The authority has also received around £9.9 million for specific grants for initiatives such as the Neighbourhood Policing Fund, to support the recruitment of 24,000 community support officers across England and Wales by 2008, and for capital. Details of the provisional police funding settlement for 200607, and for 200708 as part of the move towards three-year settlements, will be announced in late November/early December.
Mike Penning: To ask the Secretary of State for the Home Department what steps the Government is taking to improve (a) community engagement and (b) neighbourhood policing in Hertfordshire; and if he will make a statement. 
Hazel Blears: The Government are committed to every area in England and Wales benefiting from dedicated, visible, accessible and responsive neighbourhood policing teams by 2008. A key aim of these teams will be to build more effective engagement with the public. To support this, the Home Office and the Association of Police Authorities convened the National Practitioner Panel for Community Engagement in Policing.
The panel has created a Guide to Community Engagement which is a resource for all policing practitioners, and which contains both practical and strategic advice for practitioners who want to develop or improve their approach to engagement. The guide is supported by a database of case studies which showcases recent and ongoing work around the country, and encourages policing practitioners to network with, and learn from, their peers.
The Government are working closely with the Police Service to develop neighbourhood policing, initially within pathfinder areas. In Hertfordshire, this is the Eastern Area Basic Command Unit.
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In Hertfordshire, street crime, alcohol-related violence and disorder and domestic violence have been identified as priorities, with alcohol as a particular target. The 10 Crime and Disorder Reduction Partnerships have action plans in place at a local level, and additionally there are multi-agency Town Centre Crime Reduction Groups (for example in Watford and Hemel) which focus on violent crime in town-centres where the majority of it occurs. Strategies include enforcement of town-centre no-drinking zones, education within schools, licensed premises inspections, expansion of CCTV coverage and training for CCTV operators, enforcement of underage drinking laws and regular police public order patrols in town centres.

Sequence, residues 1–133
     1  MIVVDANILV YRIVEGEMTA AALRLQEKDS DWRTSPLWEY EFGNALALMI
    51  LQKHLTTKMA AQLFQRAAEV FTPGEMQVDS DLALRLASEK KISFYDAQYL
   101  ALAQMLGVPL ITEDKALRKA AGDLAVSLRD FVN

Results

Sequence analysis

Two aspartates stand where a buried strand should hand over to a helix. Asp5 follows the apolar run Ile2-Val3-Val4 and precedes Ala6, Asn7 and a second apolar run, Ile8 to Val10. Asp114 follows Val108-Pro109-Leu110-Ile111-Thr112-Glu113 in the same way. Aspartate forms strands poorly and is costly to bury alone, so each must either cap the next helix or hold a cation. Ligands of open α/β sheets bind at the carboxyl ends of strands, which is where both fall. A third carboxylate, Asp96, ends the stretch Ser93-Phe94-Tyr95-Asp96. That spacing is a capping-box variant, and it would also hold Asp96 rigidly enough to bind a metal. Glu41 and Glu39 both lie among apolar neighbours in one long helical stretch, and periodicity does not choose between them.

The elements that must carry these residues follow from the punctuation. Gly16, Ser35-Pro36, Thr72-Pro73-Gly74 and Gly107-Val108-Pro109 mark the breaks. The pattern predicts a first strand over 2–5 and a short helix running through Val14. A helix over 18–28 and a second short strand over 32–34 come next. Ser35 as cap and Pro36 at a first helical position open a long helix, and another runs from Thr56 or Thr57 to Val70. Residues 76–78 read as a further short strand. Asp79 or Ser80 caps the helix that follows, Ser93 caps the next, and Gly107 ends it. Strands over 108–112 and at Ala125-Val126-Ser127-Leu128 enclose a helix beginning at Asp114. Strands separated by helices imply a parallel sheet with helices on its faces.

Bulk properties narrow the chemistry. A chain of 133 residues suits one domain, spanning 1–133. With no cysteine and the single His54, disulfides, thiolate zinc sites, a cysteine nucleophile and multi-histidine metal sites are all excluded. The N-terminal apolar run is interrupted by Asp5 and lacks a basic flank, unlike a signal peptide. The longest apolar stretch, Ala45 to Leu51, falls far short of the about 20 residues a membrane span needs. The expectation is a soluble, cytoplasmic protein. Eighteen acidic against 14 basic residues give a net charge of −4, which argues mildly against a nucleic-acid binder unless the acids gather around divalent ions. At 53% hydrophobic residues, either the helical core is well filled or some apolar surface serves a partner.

Nationally, there is a huge programme of work. We are, for example, introducing new measures which will give police and local communities the powers they need to tackle guns, knives and alcohol-related violence in the Violent Crime Reduction Bill which is currently before Parliament.
Domestic violence is a key priority. Our National Delivery Plan to tackle domestic violence provides support for victims, strengthens the Criminal Justice System to be more responsive to domestic violence cases, holds perpetrators to account and provides resettlement for victims and rehabilitation packages for perpetrators through end-to-end offender management and the concept of a whole sentence plan.
Mr. Vaizey: To ask the Secretary of State for the Home Department how many crimes in Oxfordshire were committed by people who had left the intensive supervision and surveillance programme in 200405. 
Rosie Cooper: To ask the Secretary of State for the Home Department what the (a) levels of and (b) detection rates were for (i) violent crime, (ii) car crime, (iii) sexual crime, (iv) burglary and (v) robbery in West Lancashire constituency in the last year for which figures are available. 
The introduction of the Sexual Offences Act 2003 in May 2004 resulted in substantial changes to the sexual offences. In particular, the redefining of the offences of exposure into the sexual offences group resulted in substantial increases in this category nationally.
|Offence type||Number of offences||Detection rate (percentage)|
|Violence against the person||6,661||58|
|Theft of a motor vehicle||787||26|
|Theft from a vehicle||1,527||14|